If you decide not to wait, Bonnell recommends carefully going around the snake a few feet off the trail, making sure you’re not stepping on one of his pals. If you have a walking stick, test the ground in front of you to make sure you’re not startling a snake hiding in the grass.

“And you want to keep your eyes on the snake,” Bonnell said. “If it starts to track you (visually) and rear up, that’s a good time to just stop moving and let it calm. It may even move off the trail at that point. If it’s tracking and rearing up, that means it’s getting ready to strike. You don’t want to be in motion if that happens. I would give the snake space and time. If it’s getting riled up, stop moving.”

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Organisers cancel Arabian Travel Market 2020 in Dubai over global Covid-19 pandemic

Virtual ATM event scheduled to take place from June 1-3

Over 39,000 travel professionals, government ministers and international press, visit ATM every year. Image: ITP Media Group

This year’s edition of Arabian Travel Market (ATM) has been cancelled as a result of the coronavirus pandemic.

Organisers Reed Travel Exhibitions had previously postponed the event, which was due to start today at Dubai World Trade Centre, and rescheduled it to run from June 28 to July 1.

However, ATM has become the latest high profile casualty of the Covid-19 crisis.

A statement said: “We appreciate that this is disappointing news, however everyone’s health and safety is our top priority.  We are fully aware of the important role that ATM plays for industry professionals right across the Middle East region and beyond, and we believe it is our responsibility to deliver a safe and successful event when we are able to do so.”

Over 39,000 travel professionals, government ministers and international press, visit ATM every year to network, negotiate and discover the latest industry opinion and trends.

The annual business-to-business (B2B) exhibition showcases over 2,800 products and destinations from around the world to over 28,000 buyers and travel trade visitors.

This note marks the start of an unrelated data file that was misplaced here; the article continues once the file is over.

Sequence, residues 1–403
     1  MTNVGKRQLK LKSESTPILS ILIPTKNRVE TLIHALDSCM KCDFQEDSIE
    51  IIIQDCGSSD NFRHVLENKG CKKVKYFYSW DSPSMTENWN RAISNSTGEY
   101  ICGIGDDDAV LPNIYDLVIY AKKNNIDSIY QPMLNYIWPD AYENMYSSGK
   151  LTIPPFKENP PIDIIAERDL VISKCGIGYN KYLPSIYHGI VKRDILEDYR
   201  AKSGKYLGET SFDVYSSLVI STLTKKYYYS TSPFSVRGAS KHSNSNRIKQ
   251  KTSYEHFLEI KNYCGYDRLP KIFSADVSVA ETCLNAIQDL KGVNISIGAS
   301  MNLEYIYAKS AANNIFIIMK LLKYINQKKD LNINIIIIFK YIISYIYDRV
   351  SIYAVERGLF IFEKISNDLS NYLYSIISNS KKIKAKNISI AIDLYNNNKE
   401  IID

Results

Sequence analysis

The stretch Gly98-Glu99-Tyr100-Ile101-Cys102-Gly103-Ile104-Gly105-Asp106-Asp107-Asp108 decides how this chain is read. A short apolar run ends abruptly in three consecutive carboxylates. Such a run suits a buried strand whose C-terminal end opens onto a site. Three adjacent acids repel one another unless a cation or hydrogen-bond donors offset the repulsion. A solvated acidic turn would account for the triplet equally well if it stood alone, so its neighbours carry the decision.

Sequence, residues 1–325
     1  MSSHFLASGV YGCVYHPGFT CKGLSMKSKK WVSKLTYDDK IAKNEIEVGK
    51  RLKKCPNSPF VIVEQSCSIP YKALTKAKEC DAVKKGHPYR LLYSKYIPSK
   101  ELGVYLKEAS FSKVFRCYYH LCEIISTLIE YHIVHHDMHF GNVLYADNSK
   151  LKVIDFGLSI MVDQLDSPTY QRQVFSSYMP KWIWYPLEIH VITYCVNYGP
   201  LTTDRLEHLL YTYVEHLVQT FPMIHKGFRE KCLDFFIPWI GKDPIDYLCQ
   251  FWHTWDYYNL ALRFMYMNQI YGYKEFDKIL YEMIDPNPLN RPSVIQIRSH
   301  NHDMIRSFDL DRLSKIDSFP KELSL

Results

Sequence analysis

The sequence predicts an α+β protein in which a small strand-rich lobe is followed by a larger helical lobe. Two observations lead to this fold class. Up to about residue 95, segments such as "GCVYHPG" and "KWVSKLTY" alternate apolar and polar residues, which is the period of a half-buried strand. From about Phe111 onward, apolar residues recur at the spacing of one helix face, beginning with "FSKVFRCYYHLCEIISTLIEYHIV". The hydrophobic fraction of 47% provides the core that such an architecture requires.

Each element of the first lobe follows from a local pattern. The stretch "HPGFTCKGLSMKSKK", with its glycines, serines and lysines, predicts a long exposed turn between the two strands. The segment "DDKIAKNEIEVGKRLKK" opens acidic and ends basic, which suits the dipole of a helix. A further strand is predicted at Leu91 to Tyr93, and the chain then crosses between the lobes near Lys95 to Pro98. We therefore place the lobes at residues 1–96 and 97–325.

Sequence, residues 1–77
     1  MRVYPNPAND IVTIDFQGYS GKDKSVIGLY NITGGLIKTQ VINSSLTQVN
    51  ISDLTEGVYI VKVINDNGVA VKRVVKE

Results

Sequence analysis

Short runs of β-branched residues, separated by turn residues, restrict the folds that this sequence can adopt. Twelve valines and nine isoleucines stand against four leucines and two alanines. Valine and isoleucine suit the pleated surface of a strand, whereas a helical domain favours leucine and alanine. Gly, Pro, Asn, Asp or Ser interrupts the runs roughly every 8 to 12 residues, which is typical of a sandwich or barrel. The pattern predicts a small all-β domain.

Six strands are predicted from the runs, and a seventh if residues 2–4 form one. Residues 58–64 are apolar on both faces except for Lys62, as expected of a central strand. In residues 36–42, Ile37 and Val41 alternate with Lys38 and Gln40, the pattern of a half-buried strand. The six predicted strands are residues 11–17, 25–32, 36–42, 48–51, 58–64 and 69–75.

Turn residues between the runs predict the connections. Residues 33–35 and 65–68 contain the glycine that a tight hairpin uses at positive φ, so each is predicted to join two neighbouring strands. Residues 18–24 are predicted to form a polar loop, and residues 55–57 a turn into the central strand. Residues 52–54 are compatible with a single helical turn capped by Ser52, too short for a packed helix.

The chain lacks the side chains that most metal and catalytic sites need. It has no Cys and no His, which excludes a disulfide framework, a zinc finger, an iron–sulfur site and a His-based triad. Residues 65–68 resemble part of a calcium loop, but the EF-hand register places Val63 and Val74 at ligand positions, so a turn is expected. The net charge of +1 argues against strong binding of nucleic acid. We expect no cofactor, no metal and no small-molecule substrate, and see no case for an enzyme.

While the live event will go ahead on May 16-19, 2021, there will be an ATM Virtual Event from June 1-3, made up of webinars, live conference sessions, speed networking events, one-on-one meetings.

Digital magazine: Read the latest edition of Arabian Business online

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Castlewood Canyon State Park receives award for Leave No Trace work

Castlewood Canyon State Park has become the 12th park in the United States and the second in Colorado to receive a special designation from the Leave No Trace Center for Outdoor Ethics.

The designation marks Castlewood Canyon as a “Gold Standard Site” for exemplifying the spirit of “leave no trace” recreation and showcasing “strong organizational commitment to the promotion of outdoor skills, ethics and stewardship in order to preserve and protect the natural landscape for generations to come,” according to a news release from Colorado Parks and Wildlife.

The other Colorado park to receive that designation was Roxborough State Park, also located in Douglas County. Colorado and Washington are the only states with two parks on the list.

According to its website, the Leave No Trace Center for Outdoor Ethics “protects the outdoors by teaching and inspiring people to enjoy it responsibly … by delivering cutting-edge education and research to millions of people every year.”

Roxborough State Park achieved its gold status in 2018. Volunteer groups at both parks collaborated in the Castlewood Canyon application.